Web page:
America in context

Religion in America

The Religous Landscape of the United States

One of the bedrock principles of the United States is religious liberty and the separation of church and state. At the time the Republic was founded more than two centuries ago, the overwhelming majority of Americans were Christians. Since that time, however, the United States has become the worlds most religiously diverse society, especially during the last three decades.

Religion and Teenagers

America is a land of many faiths, and teenagers in America practice their religions in a variety of ways. Early in their study of U.S. history, American children learn that freedom of religion and separation of church and state are among the basic principles guiding their nations government. It is up to each individual to decide what and how to worship. Many teenagers decisions about religion are influenced by their families. Some attend schools that are run by religious groups, and others join after-school and weekend programs sponsored by their churches, synagogues, or mosques. Still others choose not to practice any particular religion at all. Many religions have adopted the hallmarks of contemporary youth culture to reach out to young people. Thus it is not uncommon to see a Christian rock group or Muslim rappers or youth-oriented religious services at any number of congregations. 

Influence of Religion, Electronic Journal: American Teenagers, July 2005

A New Religious America

The huge white dome of a mosque with its minarets rises from the cornfields just outside Toledo, Ohio. You can see it as you drive by on the interstate highway. A great Hindu temple with elephants carved in relief at the doorway stands on a hillside in the western suburbs of Nashville, Tennessee. A Cambodian Buddhist temple and monastery with a hint of a Southeast Asian roofline is set in the farmlands south of Minneapolis, Minnesota. In suburban Fremont, California, flags fly from the golden domes of a new Sikh gurdwara on Hillside Terrace, now renamed Gurdwara Road. The religious landscape of America has changed radically in the past thirty years, but most of us have not yet begun to see the dimensions and scope of that change, so gradual has it been and yet so colossal. It began with the "new immigration," spurred by the 1965 Immigration and Naturalization Act, as people from all over the world came to America and have become citizens. With them have come the religious traditions of the world -- Islamic, Hindu, Buddhist, Jain, Sikh, Zoroastrian, African, and Afro-Caribbean. The people of these living traditions of faith have moved into American neighborhoods, tentatively at first, their altars and prayer rooms in storefronts and office buildings, basements and garages, recreation rooms and coat closets, nearly invisible to the rest of us. But in the past decade, we have begun to see their visible presence. Not all of us have seen the Toledo mosque or the Nashville temple, but we will see places like them, if we keep our eyes open, even in our own communities. They are the architectural signs of a new religious America.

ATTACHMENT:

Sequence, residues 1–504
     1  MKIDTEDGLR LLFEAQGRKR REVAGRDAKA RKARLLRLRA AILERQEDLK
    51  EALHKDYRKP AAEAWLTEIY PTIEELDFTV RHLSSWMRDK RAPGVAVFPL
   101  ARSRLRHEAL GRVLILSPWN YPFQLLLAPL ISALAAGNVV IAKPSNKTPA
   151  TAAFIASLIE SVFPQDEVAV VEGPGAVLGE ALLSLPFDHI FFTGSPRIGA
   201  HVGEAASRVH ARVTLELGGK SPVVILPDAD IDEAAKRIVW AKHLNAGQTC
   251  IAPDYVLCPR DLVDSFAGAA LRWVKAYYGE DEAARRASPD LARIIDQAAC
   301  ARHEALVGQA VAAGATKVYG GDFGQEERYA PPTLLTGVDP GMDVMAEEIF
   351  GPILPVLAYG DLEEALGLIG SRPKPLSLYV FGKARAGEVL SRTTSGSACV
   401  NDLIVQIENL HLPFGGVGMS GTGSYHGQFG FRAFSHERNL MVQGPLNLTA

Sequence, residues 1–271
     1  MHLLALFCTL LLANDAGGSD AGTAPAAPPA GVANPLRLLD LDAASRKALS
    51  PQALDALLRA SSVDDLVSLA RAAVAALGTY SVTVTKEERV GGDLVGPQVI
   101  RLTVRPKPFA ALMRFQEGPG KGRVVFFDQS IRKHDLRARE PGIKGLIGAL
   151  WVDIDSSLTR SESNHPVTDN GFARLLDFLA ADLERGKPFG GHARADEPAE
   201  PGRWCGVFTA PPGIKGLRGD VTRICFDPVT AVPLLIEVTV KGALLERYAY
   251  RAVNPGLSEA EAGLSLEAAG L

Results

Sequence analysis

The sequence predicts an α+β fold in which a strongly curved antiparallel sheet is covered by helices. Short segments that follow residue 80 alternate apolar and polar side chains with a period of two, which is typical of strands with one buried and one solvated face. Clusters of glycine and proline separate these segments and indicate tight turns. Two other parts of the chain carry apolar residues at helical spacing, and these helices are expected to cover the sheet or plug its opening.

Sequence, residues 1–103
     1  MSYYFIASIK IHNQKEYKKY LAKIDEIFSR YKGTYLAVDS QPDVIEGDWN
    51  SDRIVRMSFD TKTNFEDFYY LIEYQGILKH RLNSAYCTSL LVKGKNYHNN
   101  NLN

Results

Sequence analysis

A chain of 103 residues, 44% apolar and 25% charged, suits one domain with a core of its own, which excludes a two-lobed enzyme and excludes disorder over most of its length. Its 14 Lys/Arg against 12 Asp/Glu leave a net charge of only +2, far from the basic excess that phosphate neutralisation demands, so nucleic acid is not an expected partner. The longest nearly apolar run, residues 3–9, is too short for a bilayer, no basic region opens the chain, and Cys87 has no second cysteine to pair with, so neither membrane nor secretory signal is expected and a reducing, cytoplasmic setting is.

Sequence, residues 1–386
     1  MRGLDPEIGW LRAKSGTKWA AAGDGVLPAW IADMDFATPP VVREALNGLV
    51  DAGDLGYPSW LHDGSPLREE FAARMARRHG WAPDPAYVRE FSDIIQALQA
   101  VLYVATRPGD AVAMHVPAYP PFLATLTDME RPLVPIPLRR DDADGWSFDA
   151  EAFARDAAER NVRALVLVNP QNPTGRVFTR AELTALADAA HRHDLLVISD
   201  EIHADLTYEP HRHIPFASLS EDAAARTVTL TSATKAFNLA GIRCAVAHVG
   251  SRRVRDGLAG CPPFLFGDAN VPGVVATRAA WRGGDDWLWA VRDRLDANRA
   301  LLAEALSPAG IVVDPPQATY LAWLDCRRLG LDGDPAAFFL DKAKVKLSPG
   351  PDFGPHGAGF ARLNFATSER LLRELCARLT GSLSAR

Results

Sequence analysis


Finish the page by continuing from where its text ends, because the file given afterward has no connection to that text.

We are surprised to find there are more Muslim Americans than Episcopalians, more Muslims than members of the Presbyterian Church USA, and as many Muslims as there are Jews -- that is, about 6 million. We are astonished to learn that Los Angeles is the most complex Buddhist city in the world, with a Buddhist population spanning the whole range of the Asian Buddhist world from Sri Lanka to Korea, along with a multitude of native-born American Buddhists. Nationwide, this whole spectrum of Buddhists may number about 4 million. We know that many of our internists, surgeons, and nurses are of Indian origin, but we have not stopped to consider that they too have a religious life, that they might pause in the morning for few minutes prayer at an altar in the family room of their home, that they might bring fruits and flowers to the local Shiva-Vishnu temple on the weekend and be part of a diverse Hindu population of more than a million. We are well aware of Latino immigration from Mexico and Central America and of the large Spanish-speaking population of our cities, and yet we may not recognize what a profound impact this is having on American Christianity, both Catholic and Protestant, from hymnody to festivals.